The 5 Most Profitable Drugs: They Never Cure You

IbogaineCover.jpg
In this week's cover story, writer Keegan Hamilton investigates the controversy surrounding ibogaine, the experimental hallucinogen drug that has helped kick meth and heroin addictions.

Ibogaine is illegal, even though its power to cure addicts has been proven. Hamilton's story describes the many reasons the medical establishment and the government are wary of Ibogaine, despite its benefits, but one of them really stood out:

Because Ibogaine is an outright cure, drug companies want nothing to do with it.

Martin Kuehne, a chemist at the University of Vermont, is quoted in the story, saying, "Pharmaceutical companies don't like cures. Really, they don't -- that's the sad thing. They like treatment. Something for cholesterol or high blood pressure that you take for years and years, every day. That's where the profit is."

When we read that, a light went on. The worst thing for a drug company is a pill you take that completely cures you of your ailment with one dose, right? Where's the money in that?

So, with that in mind, we thought we'd test Kuehne's theory, and look at the five most profitable drugs in the United States.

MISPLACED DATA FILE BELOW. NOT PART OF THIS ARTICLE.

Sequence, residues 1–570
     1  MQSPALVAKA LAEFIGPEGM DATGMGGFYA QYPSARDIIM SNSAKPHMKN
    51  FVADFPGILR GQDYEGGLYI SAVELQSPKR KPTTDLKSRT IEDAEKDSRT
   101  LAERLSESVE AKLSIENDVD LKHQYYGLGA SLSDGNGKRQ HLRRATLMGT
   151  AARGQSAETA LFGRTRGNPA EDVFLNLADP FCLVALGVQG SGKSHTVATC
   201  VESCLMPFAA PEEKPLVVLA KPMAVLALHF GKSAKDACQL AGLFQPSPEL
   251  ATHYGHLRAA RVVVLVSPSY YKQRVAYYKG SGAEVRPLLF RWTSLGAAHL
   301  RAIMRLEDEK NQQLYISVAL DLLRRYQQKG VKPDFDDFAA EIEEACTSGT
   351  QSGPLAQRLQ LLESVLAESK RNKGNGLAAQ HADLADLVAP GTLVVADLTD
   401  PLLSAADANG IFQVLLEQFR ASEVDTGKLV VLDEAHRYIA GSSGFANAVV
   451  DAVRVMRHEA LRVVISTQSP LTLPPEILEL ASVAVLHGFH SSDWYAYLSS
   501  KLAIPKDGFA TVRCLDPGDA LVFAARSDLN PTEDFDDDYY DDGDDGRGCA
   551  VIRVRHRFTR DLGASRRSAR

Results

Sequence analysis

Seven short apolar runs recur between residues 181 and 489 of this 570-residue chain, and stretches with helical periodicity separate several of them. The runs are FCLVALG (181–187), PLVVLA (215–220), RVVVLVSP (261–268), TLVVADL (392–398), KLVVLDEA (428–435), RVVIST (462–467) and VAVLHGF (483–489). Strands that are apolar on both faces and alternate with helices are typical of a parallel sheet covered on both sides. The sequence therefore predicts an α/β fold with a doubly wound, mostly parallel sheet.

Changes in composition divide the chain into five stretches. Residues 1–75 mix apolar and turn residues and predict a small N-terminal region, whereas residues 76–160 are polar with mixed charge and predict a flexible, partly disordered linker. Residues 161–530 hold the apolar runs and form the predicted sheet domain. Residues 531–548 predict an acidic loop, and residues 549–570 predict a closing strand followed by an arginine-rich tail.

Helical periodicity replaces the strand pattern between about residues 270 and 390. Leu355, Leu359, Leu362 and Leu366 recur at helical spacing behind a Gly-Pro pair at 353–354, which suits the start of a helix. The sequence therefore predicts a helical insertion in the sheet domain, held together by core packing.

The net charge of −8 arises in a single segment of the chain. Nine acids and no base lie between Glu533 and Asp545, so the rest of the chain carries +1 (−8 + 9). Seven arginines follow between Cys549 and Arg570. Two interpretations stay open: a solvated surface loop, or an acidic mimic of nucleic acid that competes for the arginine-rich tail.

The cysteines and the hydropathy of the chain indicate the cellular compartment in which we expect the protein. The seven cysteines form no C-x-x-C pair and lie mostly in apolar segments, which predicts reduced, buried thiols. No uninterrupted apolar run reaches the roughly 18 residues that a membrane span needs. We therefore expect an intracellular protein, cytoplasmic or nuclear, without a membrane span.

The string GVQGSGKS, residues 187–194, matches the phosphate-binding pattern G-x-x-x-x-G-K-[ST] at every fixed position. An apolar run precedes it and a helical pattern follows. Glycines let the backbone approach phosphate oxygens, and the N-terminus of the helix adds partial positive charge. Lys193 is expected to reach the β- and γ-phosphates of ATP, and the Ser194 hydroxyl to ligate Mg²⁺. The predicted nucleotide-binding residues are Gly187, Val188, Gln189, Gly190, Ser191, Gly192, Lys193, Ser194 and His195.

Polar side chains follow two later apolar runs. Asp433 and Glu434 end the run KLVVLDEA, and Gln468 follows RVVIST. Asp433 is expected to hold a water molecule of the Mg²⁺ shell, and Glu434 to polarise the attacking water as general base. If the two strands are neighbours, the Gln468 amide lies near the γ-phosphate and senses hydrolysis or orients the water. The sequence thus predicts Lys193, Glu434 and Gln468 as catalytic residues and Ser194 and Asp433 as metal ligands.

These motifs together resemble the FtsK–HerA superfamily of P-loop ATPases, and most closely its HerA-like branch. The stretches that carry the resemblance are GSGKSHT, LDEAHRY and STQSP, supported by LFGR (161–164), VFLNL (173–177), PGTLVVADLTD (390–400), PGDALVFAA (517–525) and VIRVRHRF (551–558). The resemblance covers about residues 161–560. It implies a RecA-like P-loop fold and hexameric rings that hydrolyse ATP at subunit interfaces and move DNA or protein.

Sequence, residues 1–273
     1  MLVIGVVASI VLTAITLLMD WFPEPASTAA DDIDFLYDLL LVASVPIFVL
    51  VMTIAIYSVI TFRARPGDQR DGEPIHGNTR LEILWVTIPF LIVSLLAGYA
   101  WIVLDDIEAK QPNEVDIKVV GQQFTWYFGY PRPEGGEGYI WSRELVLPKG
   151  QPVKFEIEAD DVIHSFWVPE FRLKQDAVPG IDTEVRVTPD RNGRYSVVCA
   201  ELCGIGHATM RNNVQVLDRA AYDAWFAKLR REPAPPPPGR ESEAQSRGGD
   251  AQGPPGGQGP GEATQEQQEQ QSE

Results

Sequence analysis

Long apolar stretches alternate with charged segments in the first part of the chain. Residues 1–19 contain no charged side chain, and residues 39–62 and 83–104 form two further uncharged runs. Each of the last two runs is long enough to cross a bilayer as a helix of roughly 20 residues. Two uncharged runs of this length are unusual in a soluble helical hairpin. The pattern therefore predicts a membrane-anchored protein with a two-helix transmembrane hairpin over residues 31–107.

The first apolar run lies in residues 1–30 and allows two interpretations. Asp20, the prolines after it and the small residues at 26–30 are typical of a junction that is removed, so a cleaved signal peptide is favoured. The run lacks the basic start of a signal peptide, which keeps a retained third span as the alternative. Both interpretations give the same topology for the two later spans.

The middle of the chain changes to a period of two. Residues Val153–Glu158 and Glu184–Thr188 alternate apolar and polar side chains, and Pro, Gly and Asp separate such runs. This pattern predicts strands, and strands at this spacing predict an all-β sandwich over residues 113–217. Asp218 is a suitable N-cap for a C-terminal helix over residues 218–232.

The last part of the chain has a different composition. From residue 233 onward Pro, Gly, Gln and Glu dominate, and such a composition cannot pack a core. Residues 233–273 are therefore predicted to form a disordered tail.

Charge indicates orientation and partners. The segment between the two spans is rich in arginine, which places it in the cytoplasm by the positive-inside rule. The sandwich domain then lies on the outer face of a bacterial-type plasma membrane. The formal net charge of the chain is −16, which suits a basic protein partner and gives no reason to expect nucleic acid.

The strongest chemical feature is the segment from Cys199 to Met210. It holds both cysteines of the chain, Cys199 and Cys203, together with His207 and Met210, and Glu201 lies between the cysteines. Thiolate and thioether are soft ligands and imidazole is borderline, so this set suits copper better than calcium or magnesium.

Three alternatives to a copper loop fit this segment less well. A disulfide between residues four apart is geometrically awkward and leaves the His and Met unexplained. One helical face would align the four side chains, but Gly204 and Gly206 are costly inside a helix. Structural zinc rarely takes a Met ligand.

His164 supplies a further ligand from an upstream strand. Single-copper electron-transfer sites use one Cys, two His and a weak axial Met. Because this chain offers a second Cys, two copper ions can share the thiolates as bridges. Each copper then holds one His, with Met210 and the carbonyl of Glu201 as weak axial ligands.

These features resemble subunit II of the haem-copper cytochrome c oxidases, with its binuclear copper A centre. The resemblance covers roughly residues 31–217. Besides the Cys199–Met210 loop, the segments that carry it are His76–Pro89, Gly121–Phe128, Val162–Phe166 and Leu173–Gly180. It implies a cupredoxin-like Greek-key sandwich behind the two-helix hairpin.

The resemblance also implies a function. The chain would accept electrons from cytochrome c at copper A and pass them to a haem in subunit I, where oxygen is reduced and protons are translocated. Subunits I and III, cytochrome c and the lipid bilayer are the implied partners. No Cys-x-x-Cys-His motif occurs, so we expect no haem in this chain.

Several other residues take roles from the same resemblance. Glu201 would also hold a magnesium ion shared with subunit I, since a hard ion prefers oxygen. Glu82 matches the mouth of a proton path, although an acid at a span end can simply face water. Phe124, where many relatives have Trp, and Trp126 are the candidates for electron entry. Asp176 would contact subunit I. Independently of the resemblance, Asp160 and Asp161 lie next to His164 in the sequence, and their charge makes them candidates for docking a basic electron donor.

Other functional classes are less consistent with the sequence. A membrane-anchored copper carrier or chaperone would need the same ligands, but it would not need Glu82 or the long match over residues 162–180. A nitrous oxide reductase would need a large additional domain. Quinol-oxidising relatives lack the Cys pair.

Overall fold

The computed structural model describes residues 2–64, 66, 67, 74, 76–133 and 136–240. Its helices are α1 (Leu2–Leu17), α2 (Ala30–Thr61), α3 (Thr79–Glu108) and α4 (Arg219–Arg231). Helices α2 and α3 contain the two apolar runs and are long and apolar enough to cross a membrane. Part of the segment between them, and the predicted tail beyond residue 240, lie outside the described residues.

Guess what they all have one in common? They never cure you.

1) Lipitor (2009 gross revenue: $7.5 billion): Designed to lower cholesterol, Lipitor uses statins to decrease LDL cholesterol and triglyceride levels and increase HDL cholesterol levels. Studies indicate that high cholesterol increases one's chance for heart disease, the leading health problem in the U.S.

2) Nexium (2009 gross revenue: $6.3 billion): This well-marketed drug decreases the amount of acid produced in the stomach, but it's not an instant cure for heartburn.

3) Plavix (2009 gross revenue: $5.6 billion): Nobody likes a nasty blood clot, and this drug prevents that from happening, particularly after a stroke or a heart attack. The downside: Plavix increases your chances of small-injury bleeds and, if drinking alcohol, heightens your risk of stomach and intestinal bleeds.

4) Advair Diskus (2009 gross revenue: $4.7 billion): For asthma sufferers, a twice-daily inhaler to reduce the swelling in your respiratory system. Helps keep attacks from being more severe.

5) Seroquel (2009 Gross: $4.2 billion): Rounding out our top 5 is Seroquel, an anti-psychotic drug that treats schizophrenia, severe depression, and bipolar disorder by altering chemical activity in the brain.




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1 comments
bunnie_rabbit
bunnie_rabbit

Pardon my ignorance, are we encouraging treatment rather then cure by making monetary rewards outweigh any societal rewards and undermining humanitarian obligations and opportunities? Are we breeding business rather then social beings. My real question, Is it more profitable to treat than prevent and or cure? For big pharma a patient that continues to a patient is a customer that continues to be a customer.

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